OK, I’ve run four searches now and I still can’t find what I’m looking for. I could have sworn that before the Great Crash there was a thread aobut the best hand to hand or anti-personel weapons for use in zero gravity situations. Unfortunately, I can remember nothing about it other than its existence. So I’ll reopen the floor for discussion.
First of all, what’s the current conventional wisdom about handheld laser weapons? Right around the corner? Not going to happen? What about in 150 years?
Second, what would the ideal weapons for space piracy be? I’ve got my group of men and a big, threatening-looking spaceship. I want to board a ship, kill or incapaciate the crew, and take their stuff. What do I arm my men with?
Third, what sort of weapon would one want to have if one were in a pressure suit fighting in space?
Yes, I’m still working on a science fiction story.
I’d assume if you were meleeing in pressure suits, you’d want a thrusting/piercing weapon sharp enough (and strong enough) to punch through the suit’s skin. The length of the weapon would depend on exactly how much maneuvering space there is. A rapier would have an advantage over a poignard in a large area, the reverse for cramped conditions.
Swinging weapons would be next to useless, IMO. Melee weapons would be fairly common, since flinging lead around would probably be a pretty bad idea with all that sensitive exposed circuitry and whatnot.
What’s a “handheld laser weapon” ? It’s already the case that using laser pointers to distract bus drivers and the like have (anecdotaly) led to prosecutions in the UK. That’s plausibly dangerous, so are those a “weapon” ?
Tasers and cattle-prods:
Put a couple of needles on the end of your spear, charge it up with high-voltage, high-frequency electricity, and all you have to do is give your victim a good hard poke… It needn’t even be fatal. Wire-tethered darts work well, to, but may have too much impulse if they’re required to penetrate heavy suits. stungus would work well in hand-to- hand combat. These are all extant in one form or another.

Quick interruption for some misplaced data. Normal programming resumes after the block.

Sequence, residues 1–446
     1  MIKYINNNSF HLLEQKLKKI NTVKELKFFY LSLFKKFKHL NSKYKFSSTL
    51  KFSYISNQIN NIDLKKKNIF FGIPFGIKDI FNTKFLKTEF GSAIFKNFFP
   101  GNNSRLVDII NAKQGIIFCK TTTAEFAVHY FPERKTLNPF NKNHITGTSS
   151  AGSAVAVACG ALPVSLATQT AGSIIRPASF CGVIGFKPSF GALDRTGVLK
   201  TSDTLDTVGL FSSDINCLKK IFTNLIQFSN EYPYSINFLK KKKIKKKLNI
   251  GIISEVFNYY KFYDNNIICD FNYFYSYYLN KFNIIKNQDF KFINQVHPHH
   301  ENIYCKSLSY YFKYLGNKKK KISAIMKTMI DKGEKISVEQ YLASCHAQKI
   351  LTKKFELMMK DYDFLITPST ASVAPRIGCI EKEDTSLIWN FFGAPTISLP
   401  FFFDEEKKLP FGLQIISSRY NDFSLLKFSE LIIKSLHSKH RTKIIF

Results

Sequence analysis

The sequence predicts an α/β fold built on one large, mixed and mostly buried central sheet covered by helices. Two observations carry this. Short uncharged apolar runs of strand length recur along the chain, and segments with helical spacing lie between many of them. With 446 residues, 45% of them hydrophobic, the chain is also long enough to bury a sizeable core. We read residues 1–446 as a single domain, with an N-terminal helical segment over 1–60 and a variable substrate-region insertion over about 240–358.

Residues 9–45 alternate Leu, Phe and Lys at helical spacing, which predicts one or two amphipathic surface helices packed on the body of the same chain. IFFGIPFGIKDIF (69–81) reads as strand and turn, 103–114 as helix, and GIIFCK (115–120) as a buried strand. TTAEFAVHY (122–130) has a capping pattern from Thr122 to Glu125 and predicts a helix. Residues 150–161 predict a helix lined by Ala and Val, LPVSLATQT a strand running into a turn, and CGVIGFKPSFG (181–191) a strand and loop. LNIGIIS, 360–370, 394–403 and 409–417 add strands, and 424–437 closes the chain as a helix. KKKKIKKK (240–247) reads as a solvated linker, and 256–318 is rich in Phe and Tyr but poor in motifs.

Tetanizing beam weapons:
Use lasers to ionize a couple of paths through the air, then send your high-voltage, high-frequency charge down the ionized paths. This would be a no-impulse, very portable system (maybe pistol w/backpack), and is currently under development.
Glue guns / sticky foam & netguns:
Already deployed in crude forms, these are relatively high impulse in their current incarnations, but sticky foam grenades, or a net grenades may be possible.
There are plenty of other ideas, but that’s just off the top of my head.
See if you can find a copy of War in 2080 by David Langford. (If it’s out of print you can order it directly from the author here.) Its a fantastic book describing exactly what weapons will work in zero g, why they’ll work, and the advantages and disadvantages of each type. Highly recommend the book. He covers everything from swords to high powered lasers to theoretical weapons.
Don’t. You’ll have a much easier time killing everyone abord the target ship before you even try and board it. Pepper it with projectiles to let all the air out, , then hose flechettes into any crew-carrying areas. The crew on the target vessle can’t stay in their space suits forever, and onve their shipwide life support is wrecked you just have to wait a day or two and they’ll all be dead one way or the other. Depending on your allowed technology, you can also bathe it with radiation to kill anything living before you get near.